An Idea for Shared Commitment & Ownership


During the annual budget process, one of the most important questions district leaders wrestle with is what new investments should be made to accomplish the district’s improvement priorities. With a few exceptions, the options generally originate from each individual department. First, department heads propose investments to address issues that are thought to be under their respective responsibilities. Then, the proposals are reviewed and decision are made by the superintendent and chief financial officer, with or without the involvement of the other senior leaders on the superintendent’s cabinet depending on the local context and nature of the proposals. As the result of those decisions, resources are allocated to the departments whose proposals are approved for implementation.

This model has two obvious strengths. One is that it shines a light on certain issues that of high interest to the district (e.g., instruction, behavior, equity, teacher retention, etc.). The other is that it is easy to allocate budget, manage implementation, and hold people accountable for the success of the investments.

At the same time, however, this model has some serious limitations that have hindered leaders from working together to solve some biggest entrenched problems. First, when departments propose to invest in new programs or positions, they tend to focus on their own designated area of responsibilities and pay little attention to problems that are perceived to belong to other departments. However, complex issues such as achievement gap, student behaviors, or chronic absenteeism often result from multiple problems (e.g., poverty, racial bias, curriculum, lack of minority teachers) interacting with and compounding each other, and require a holistic approach that tackles the problems comprehensively.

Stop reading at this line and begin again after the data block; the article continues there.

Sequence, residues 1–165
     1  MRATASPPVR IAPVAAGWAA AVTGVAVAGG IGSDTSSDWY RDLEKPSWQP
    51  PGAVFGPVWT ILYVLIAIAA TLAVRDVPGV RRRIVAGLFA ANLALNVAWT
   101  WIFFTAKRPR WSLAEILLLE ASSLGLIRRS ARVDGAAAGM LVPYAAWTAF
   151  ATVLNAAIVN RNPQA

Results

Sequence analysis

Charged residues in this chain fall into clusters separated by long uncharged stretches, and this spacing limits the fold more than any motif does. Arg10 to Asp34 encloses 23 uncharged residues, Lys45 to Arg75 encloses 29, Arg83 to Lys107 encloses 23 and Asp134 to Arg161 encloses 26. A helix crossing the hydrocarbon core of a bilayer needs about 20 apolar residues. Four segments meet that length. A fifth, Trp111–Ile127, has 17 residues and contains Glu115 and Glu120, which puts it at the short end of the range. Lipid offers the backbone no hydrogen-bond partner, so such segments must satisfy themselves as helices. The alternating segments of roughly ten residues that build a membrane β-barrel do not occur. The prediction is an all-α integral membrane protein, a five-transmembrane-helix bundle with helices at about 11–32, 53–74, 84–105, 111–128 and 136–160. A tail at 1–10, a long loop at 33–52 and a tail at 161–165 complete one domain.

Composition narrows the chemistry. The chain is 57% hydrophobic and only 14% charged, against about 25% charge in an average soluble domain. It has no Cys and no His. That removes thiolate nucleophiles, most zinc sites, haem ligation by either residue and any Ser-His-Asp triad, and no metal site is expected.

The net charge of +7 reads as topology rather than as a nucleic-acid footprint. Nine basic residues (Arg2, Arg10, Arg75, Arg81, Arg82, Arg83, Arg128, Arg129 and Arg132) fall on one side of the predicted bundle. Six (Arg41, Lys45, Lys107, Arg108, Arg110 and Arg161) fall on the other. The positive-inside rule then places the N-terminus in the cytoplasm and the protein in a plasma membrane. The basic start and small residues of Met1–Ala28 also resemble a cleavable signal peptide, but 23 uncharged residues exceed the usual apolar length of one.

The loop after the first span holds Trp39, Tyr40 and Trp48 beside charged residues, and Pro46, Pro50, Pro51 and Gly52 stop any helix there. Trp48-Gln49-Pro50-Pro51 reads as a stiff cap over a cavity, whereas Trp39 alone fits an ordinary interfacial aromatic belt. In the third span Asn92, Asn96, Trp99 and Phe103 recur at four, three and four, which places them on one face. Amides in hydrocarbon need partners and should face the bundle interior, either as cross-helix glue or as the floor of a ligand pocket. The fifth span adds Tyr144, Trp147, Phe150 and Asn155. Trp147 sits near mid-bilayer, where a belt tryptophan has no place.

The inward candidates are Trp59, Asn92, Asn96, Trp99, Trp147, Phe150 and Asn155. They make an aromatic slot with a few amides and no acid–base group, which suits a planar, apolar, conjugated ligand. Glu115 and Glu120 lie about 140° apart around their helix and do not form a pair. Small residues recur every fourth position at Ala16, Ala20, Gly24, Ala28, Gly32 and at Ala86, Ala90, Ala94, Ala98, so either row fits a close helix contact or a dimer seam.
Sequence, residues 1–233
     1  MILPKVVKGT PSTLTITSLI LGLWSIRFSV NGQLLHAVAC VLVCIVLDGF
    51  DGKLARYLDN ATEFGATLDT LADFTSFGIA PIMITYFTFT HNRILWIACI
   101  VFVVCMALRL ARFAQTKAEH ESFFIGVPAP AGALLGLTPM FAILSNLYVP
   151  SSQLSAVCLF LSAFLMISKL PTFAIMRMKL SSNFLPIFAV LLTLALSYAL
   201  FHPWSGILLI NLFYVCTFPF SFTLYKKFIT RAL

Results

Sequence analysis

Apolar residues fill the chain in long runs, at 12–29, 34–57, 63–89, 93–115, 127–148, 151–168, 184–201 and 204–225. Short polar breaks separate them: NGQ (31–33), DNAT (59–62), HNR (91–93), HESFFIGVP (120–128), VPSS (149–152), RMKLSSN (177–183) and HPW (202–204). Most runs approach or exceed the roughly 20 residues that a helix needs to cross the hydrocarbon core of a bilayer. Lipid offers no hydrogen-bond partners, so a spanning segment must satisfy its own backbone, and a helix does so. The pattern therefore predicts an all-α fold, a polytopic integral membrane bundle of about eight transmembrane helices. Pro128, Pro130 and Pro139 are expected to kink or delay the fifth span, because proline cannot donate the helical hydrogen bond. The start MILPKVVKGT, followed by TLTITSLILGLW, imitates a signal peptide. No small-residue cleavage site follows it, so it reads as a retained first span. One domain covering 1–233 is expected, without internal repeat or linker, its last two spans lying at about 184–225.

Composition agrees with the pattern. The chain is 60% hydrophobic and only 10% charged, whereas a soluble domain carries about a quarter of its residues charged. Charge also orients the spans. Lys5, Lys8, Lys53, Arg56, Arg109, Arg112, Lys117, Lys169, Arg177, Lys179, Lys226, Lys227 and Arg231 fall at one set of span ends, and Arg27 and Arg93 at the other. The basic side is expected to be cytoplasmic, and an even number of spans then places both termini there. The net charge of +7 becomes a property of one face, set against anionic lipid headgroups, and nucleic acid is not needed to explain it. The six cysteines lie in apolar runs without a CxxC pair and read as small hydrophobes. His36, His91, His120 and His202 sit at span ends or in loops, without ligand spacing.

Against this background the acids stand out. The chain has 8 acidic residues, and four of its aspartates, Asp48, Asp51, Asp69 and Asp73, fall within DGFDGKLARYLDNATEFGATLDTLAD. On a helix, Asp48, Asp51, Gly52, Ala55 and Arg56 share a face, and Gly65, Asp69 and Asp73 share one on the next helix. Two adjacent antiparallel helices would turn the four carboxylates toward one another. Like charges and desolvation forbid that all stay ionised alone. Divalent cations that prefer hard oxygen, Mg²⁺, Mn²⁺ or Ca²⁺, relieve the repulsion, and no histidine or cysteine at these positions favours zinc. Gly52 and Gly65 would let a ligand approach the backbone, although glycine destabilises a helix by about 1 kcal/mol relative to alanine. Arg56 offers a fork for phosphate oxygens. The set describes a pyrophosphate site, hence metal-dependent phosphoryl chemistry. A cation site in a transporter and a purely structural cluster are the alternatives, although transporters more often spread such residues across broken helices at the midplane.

Second, proposals submitted by one department rarely receive input from other departments. As a result, proposals are often approved as is when they could benefit from multiple perspectives and constructive critiques from other leaders for improvement or enhancement. This can be particularly problematic when the implementation of a new investment requires support, coordination, or collaboration from other departments when those leaders are not provided with opportunity to provide feedback.

Third, once a new investment is approved, the responsibility of implementing it falls squarely on the department that submitted the proposal. That department usually feels no obligation to inform and update other departments during the implementation. At the same time, other departments generally do not pay much attention to the new initiative because it is not their program. As a result, all these improvement efforts are isolated and disconnected when they could and should support and strengthen each other. In a worse situation where conflicts arise due to competing demands for time and attention from schools and lack of coordination, each department will tend to protect their own initiative(s) at the price other departments’ programs.  

In many districts, it is probably not surprising to find siloed and disjointed programs, poor communication and coordination between central office departments on those improvement efforts, and overlapping initiatives. All of this often leads to confusions and frustrations felt by schools that are demanded to implement these improvement efforts all at the same time.